This clarity that local church membership provides is not just the pattern of Scripture, it is clarity for today.  The elders of a local church are not accountable for the members of a church across town, across the state, across the country, or across the world.  Pair this truth with the idea of “church-hopping,” or “church-dating,” and it does not add up.  Church members have a responsibility to be accountable to one another and without the clarity of church membership, we flee such accountability.  

Second, church membership is meaningful because it provides accountability.  Church membership is  affirmed by the overall consistent pattern of the New Testament instruction for believers to commit to one another in local assembly, to be responsible for one another, to uphold correct doctrine, to hold each other accountable, and to restore through church discipline.  Philippians 1:27 says, “Only let your manner of life be worthy of the gospel of Christ, so that whether I come and see you or am absent, I may hear of you that you are standing firm in one spirit, with one mind striving side by side for the faith of the gospel.” This verse discusses that our manner of life should be worthy of the gospel as we are standing firm in one spirit, and striving side by side in one mind.  This side-by-side nature of church membership promotes not only accountability, but also unity and discipleship.  If you read back through the description of the Jerusalem church in Acts 2:42-47, every aspect is speaking to the accountability of local church membership.  

The call to church discipline from Matthew 18:15-20 has accountability at the center.  The passage speaks to how to handle a believer in the body of Christ coming alongside another believer in the body of Christ to graciously confront sin with the goal of restoration.  If the brother or sister refuses, you bring along increased accountability through other church members.  If there is still a refusal of repentance, you bring it to the church.  Who is the church you bring it to for accountability away from local church membership?  Again, accountability has been given a negative connotation in our increasingly individualistic culture.  But accountability is a beautiful gift from God that we have within His church.  Accountability calls sin, sin.  But accountability also upholds the purity of the church through the proclamation of the gospel.  Redemption from sin and death in the finished work of Jesus alone.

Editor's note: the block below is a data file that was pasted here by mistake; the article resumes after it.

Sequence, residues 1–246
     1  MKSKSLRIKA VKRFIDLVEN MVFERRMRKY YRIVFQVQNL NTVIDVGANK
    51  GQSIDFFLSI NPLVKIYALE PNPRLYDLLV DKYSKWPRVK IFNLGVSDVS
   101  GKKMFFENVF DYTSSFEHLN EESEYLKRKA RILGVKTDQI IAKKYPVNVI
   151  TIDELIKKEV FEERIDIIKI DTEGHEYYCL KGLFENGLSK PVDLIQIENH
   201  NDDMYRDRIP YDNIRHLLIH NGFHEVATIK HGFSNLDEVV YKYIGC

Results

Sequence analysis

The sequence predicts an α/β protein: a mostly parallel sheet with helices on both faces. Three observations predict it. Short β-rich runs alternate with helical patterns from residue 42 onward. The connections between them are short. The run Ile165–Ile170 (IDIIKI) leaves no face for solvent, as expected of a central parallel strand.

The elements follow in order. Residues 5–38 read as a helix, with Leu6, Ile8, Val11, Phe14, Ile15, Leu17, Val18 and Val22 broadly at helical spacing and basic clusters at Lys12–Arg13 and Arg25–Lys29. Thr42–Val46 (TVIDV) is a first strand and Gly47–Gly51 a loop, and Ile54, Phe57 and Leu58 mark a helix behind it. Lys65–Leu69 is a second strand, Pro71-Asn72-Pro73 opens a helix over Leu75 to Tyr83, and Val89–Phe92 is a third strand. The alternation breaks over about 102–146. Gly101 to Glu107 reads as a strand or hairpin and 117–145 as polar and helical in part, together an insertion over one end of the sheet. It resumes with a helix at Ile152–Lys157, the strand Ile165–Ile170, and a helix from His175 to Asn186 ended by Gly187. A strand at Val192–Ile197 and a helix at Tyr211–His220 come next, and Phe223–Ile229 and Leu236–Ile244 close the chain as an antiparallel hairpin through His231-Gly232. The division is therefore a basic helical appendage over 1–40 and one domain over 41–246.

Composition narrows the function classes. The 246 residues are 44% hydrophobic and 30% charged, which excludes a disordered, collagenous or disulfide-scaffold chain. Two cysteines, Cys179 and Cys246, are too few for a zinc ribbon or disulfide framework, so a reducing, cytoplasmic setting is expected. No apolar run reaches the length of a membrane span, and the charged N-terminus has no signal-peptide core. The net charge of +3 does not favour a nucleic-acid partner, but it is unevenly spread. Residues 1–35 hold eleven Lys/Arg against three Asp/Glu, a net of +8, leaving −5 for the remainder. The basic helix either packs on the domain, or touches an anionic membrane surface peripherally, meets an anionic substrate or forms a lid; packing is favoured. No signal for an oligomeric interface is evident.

Last, church membership is meaningful because it provides intimacy.  Church membership should always increase the fellowship and intimacy with brothers and sisters in Christ.  Again, look back at Acts 2.  If you reread verses 38-47 one of the first words that comes to mind is community.  Look at how this community is formed.  Starting back in verse 38, it is through repentance, baptism, devotion to teaching, sharing the Lord’s Supper, prayer, fellowship together, generosity, hospitality, and worship.  The sharing together of the saints in the first church is astounding when compared to what we see in the church today.  Community is  evidenced in our necessity to meet together (Hebrews 10:23-25).  The fellowship of the saints should proclaim the love we have with one another as members of this local body.  Jesus says, in John 13:35, “By this all people will know that you are my disciples, if you have love for one another.”  Saint, this is specifically about our love for one another as brothers and sisters in Christ.  The unbelieving world should look at the church and see we are His disciples because of our love for one another.
The local church is the place where intimacy is seen through disciples making disciples.  Accountability in relationships within the local church points to this increased intimacy with one another.  Intimacy is never about being in the know or gaining information.  Intimacy is hard and uncomfortable and involves submitting to Scripture, to our Head Christ, and to one another.  All three of these truths about church membership squash the misunderstandings.  All of a sudden the individual fades to the background.  When looking at these truths of church membership, comfort is the last concern, but grace is not.  While often undervalued, church membership is such a grace to the believer and an invaluable gift from God. Church membership is such grace to the believer.  It is an undervalued and, at the same time, invaluable gift from God.  

Brothers and sisters, commit yourselves to the local church.